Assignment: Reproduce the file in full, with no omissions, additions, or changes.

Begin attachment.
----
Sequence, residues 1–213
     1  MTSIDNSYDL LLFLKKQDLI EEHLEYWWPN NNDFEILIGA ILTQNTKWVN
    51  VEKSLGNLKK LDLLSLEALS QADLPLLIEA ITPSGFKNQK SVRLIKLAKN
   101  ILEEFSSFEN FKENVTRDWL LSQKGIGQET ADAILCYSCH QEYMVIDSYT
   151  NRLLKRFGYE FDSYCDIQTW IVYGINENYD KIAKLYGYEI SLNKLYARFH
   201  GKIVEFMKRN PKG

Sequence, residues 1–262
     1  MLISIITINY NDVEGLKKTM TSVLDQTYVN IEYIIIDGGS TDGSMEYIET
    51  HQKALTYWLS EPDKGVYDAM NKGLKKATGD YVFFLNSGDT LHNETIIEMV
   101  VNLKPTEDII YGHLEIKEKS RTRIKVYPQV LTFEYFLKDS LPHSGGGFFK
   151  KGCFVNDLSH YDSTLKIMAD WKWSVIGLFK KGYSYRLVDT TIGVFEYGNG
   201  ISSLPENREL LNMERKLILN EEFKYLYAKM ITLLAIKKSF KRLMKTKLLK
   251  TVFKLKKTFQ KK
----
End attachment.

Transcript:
Sequence, residues 1–213
     1  MTSIDNSYDL LLFLKKQDLI EEHLEYWWPN NNDFEILIGA ILTQNTKWVN
    51  VEKSLGNLKK LDLLSLEALS QADLPLLIEA ITPSGFKNQK SVRLIKLAKN
   101  ILEEFSSFEN FKENVTRDWL LSQKGIGQET ADAILCYSCH QEYMVIDSYT
   151  NRLLKRFGYE FDSYCDIQTW IVYGINENYD KIAKLYGYEI SLNKLYARFH
   201  GKIVEFMKRN PKG

Sequence, residues 1–262
     1  MLISIITINY NDVEGLKKTM TSVLDQTYVN IEYIIIDGGS TDGSMEYIET
    51  HQKALTYWLS EPDKGVYDAM NKGLKKATGD YVFFLNSGDT LHNETIIEMV
   101  VNLKPTEDII YGHLEIKEKS RTRIKVYPQV LTFEYFLKDS LPHSGGGFFK
   151  KGCFVNDLSH YDSTLKIMAD WKWSVIGLFK KGYSYRLVDT TIGVFEYGNG
   201  ISSLPENREL LNMERKLILN EEFKYLYAKM ITLLAIKKSF KRLMKTKLLK
   251  TVFKLKKTFQ KK